This invention relates to band saws especially adapted for cutting meat, and more particularly to slave blade scrapers for removing scrap debris from the blade of the saw. Examples of prior art meat saws may be found in U.S. Pat. Des. No. 149,203; U.S. Pat. Des. No. 156,572; and U.S. Pat. No. 2,585,957, all assigned to the assignee of the present invention. The '957 patent is apparently the same saw as shown in the '203 design patent.
Many prior art meat saws have provisions for scraping the saw blade and collecting the debris and scraps produced during the meat cutting process. The '957 saw, for example, includes a removable scrap drawer for collecting and removing the meat scraps. This device also includes wheel scrapers and blade wipers, the latter being resin impregnated fabric or the like with beveled faces which are urged toward the band saw blade by torsion springs, for removing scrap debris from the saw blade. Th blade wipers contact the saw blade along a line which is generally perpendicular to the path of travel of the saw blade. This orientation causes the debris removed from the blade to be deflected laterally from the blade, necessitating the addition of a sloping deflector surface to cause the material to fall into the scrap drawer rather than back onto the band saw blade or the wheel. Elsewhere in the meat saw, blade guides have beveled offset portions which scrape the sides of the blade and help remove the grease from the blade guide, to a location where it can be removed. Specific provision is also made for conducting debris collected in the saw head down through an integral trough to the drawer.
Unfortunately, not all of the debris is collected within the drawer, and the blade wipers are not able to follow deviations in the saw blade position in the plane of the blade during meat cutting. This may mean less than optimum performance; and the suggestion of a slave blade scraper for causing the edges of the blade wipers to follow the saw blade tooth gullets, as the blade moves when the meat is pressed against it, is lacking from this prior art. It is therefore desirable to make the debris collecting system more efficient not only because it will benefit the overall meat saw operation, but also because it will improve efficiency by requiring less operator attention during a day's work. In this context also, the meat saw should be designed so that cleaning and removal of the debris, in general, will be easy, quick, and convenient, to minimize maintenance and down time, and maximize productivity.
Briefly, the present invention contributes to satisfaction of the above needs and purposes by improved cleaning of the band saw blade with a special set of sleeve blade scrapers which follow deviations in the band saw blade position. The edges of the scrapers which contact the band saw blade are diagonally cut so that they contact the saw blade at an acute angle to the generally vertical path of travel of the saw blade. Because of this configuration, each blade scraper throws the debris which it scrapes from the band saw blade laterally and forwardly therefrom in the direction away from a lower band wheel which mounts and drives the saw blade. A removable bucket-shaped enclosure, which covers the lower band wheel and comprises the invention claimed in co-pending patent application Ser. No. 151,214 assigned to the assignee of the present application, catches and retains the debris for subsequent removal from the saw.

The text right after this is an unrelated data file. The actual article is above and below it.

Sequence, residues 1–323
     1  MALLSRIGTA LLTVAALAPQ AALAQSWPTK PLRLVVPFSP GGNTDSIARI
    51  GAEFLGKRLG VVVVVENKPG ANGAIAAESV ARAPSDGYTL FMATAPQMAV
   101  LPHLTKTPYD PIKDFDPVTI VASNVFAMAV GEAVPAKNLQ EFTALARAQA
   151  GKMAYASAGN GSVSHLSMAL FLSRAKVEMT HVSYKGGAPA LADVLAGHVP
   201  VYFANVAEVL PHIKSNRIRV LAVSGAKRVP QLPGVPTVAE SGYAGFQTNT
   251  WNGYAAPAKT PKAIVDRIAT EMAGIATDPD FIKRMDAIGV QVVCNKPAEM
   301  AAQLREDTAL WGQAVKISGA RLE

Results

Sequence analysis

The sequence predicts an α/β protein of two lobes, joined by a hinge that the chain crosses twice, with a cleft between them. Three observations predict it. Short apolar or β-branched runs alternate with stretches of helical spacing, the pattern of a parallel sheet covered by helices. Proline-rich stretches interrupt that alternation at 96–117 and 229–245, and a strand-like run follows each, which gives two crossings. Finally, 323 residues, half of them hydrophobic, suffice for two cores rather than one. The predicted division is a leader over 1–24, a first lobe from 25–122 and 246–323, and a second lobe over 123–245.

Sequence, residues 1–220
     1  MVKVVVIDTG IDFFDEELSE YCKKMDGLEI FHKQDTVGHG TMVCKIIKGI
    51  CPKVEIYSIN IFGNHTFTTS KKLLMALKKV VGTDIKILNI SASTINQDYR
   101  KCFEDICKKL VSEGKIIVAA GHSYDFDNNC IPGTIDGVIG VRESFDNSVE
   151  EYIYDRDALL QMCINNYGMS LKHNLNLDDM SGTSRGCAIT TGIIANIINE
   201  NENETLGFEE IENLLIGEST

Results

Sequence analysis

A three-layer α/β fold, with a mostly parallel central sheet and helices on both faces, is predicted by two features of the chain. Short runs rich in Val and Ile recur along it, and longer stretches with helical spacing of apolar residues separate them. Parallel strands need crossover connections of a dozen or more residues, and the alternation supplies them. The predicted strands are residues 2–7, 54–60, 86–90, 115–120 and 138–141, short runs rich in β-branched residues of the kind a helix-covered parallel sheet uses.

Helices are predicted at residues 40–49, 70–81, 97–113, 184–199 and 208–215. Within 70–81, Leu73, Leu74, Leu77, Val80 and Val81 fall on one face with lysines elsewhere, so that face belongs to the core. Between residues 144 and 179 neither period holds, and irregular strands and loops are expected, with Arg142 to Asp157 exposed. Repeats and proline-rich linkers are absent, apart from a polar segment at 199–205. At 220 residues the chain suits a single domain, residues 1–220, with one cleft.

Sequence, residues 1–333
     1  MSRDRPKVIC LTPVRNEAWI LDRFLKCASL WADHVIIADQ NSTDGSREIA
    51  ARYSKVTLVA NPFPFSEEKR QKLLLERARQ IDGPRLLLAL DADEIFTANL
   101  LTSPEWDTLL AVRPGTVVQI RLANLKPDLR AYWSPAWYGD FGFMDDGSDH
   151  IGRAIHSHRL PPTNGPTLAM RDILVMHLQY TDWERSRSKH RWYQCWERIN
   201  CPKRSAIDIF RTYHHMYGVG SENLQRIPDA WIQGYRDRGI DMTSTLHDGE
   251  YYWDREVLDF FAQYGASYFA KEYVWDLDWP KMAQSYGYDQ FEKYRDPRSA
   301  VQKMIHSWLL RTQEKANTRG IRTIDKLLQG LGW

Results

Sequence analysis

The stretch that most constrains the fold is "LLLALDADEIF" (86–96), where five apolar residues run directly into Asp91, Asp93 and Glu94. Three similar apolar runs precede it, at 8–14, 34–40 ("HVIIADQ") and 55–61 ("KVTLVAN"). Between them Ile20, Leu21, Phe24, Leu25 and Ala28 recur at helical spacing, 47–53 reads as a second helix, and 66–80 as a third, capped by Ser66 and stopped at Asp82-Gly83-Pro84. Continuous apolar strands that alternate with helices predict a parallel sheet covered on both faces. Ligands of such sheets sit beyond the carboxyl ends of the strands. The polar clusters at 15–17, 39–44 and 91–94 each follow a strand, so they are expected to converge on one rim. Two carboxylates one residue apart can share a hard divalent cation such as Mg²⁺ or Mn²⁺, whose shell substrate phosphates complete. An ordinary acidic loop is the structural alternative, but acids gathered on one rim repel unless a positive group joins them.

Each sleeve blade scraper is actually a subassembly which is attached to the base of the meat saw adjacent the band saw blade. Each subassembly includes a mount, or support member, attached directly to and supported by the meat saw base adjacent the saw blade. A pivot on the support member defines an axis of rotation behind the center line of the band saw blade and substantially transverse to the direction of movement of the portion of the band saw blade which is adjacent thereto. Rotatably mounted on the pivot is a scraper blade holder which holds a pair of scraper blades against the saw blade. Spring means between opposite sides of the mount and the scraper blade holder allow the holder to yieldably move laterally in response to lateral blade movements. The scraper blades each have a scraping edge on one end thereof, cut on a diagonal bias, and are held one each on each side of the saw blade in positions in which they are biased and spring toward each other against the saw blade. They are oriented to press the scraper blade scraping edges against the saw blade facing into the direction of movement of the saw blade to scrape and lift the debris from the saw blade. Since the scraper blades apply a scraping pressure against both sides of the saw blade, they effectively grip it frictionally therebetween. The saw blade, in turn, as it runs between the scraper blades, imparts a force to them which tends to rotate the scraper blades and the blade holder about the pivot in the direction of movement of the saw blade.
The rotation of the scraper blades and holder about the pivot is limited by a stop on the blade holder which also rotates therewith. It is positioned so that the rotation of the holder about the pivot will cause a carbide button on the stop to engage the rear edge of the band saw blade, stopping further rotation, when the scraper blades have been positioned by the rotation of the blade holder in exactly the optimum position on the saw blade for removing residues therefrom. In the preferred embodiment, this position places one end of each of the scraper blade scraping edges substantially adjacent but inwardly of the tooth gullets of the saw blade. Then, when the saw blade moves during cutting, when meat is pressed against it, the blade holder will automatically follow the saw blade and cause the scraper blades likewise to follow deviations in the saw blade position and maintain the proper scraper blade position with respect thereto.